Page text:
Pick of the week
A METHOD ACTOR’S GUIDE TO JEKYLL AND HYDE
Polygon, 212pp, $29.95
Many people who have never read Robert Louis Stevenson’s classic 1886 novella Strange Case of Dr Jekyll and Mr Hyde are familiar with the story, or at least with the idea, of the man whose personality was split into good and bad, each manifested by way of a potion that would turn him from the one into the other. But Scottish writer Kevin MacNeil is intimately familiar with Stevenson’s story and his novel is a complex, intriguing and witty play on the original.
The main character and narrator is a young actor called Robert Lewis, who has unexpectedly landed the dual part of Jekyll and Hyde in an adaptation for the stage. But his preparations are cut short when, while riding his bike to rehearsal, he is sideswiped by a car and sufficiently badly hurt to end up in hospital, his brain affected by the accident. In his eagerness to get back into rehearsal he leaves hospital before he should, only to find a new addition to the cast called Edward Woolfe, described as “the new James McAvoy”, is poised to take over from him not only in the play but also in the affections of their fellow actor, Juliette.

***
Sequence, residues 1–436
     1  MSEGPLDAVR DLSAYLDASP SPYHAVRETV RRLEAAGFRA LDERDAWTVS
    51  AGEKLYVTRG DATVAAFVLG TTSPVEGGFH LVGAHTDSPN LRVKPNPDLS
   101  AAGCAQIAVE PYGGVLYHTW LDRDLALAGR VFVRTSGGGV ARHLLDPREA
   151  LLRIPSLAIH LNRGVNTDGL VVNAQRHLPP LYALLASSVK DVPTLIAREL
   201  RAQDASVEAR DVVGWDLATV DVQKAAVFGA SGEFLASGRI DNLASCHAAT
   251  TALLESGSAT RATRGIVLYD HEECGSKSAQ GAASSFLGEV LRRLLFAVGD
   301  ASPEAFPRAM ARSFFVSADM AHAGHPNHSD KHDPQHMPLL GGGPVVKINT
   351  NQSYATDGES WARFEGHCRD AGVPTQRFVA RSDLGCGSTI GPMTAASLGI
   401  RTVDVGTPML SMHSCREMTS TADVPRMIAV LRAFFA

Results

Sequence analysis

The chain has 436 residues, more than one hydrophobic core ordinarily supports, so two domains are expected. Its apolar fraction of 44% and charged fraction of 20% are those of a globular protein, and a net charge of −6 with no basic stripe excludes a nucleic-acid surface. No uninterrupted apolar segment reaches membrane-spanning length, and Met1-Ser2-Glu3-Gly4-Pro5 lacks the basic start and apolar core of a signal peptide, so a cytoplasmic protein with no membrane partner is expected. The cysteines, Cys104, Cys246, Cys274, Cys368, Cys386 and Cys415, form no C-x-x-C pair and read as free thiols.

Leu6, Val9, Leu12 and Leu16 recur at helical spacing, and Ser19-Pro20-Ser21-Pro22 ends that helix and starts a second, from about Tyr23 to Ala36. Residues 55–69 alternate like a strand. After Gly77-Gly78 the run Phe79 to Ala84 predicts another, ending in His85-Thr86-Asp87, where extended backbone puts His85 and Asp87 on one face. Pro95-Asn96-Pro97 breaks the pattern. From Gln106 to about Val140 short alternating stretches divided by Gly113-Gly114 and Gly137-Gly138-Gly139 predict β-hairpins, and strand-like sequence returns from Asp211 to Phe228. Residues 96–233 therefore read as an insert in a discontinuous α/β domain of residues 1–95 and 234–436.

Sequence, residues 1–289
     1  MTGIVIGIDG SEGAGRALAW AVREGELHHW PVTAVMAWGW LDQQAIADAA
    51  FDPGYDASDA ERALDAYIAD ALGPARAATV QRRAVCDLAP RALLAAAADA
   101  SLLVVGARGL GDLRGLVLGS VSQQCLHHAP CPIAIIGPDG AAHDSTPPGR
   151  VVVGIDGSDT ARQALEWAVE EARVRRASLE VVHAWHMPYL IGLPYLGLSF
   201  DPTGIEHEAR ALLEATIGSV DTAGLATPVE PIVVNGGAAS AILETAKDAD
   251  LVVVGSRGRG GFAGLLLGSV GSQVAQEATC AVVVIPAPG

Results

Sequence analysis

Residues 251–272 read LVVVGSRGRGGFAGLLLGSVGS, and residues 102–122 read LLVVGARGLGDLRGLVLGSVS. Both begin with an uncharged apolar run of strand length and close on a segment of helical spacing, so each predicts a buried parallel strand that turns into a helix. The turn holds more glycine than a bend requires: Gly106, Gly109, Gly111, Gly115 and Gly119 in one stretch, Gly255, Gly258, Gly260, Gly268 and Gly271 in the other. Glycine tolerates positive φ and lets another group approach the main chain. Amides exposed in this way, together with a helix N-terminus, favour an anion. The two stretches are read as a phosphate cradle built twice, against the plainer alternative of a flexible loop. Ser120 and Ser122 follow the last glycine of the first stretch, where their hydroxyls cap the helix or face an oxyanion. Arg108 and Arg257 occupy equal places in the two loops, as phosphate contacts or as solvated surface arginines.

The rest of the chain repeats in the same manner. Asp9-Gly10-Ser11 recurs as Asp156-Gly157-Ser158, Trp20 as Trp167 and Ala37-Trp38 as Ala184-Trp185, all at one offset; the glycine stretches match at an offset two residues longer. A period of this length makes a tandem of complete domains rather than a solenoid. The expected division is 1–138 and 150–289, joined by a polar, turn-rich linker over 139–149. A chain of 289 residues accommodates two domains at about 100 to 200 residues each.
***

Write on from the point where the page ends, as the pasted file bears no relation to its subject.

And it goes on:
What follows is a blackly funny story of the kind you’d expect when a novelist takes on the theme of fragmented identity, acting, masks, deception and illusion. Robert, who spent his childhood being bounced from one foster home to the next and who lied his way into drama school, is both familiar with fragmented identity and careless with the truth even before he gets knocked off his bike. And when his Juliette takes over as narrator, we get a very different story. MacNeil is an experienced and gifted novelist, who uses his home city of Edinburgh for a setting as expertly as Ian Rankin or Alexander McCall Smith, though quite differently from both.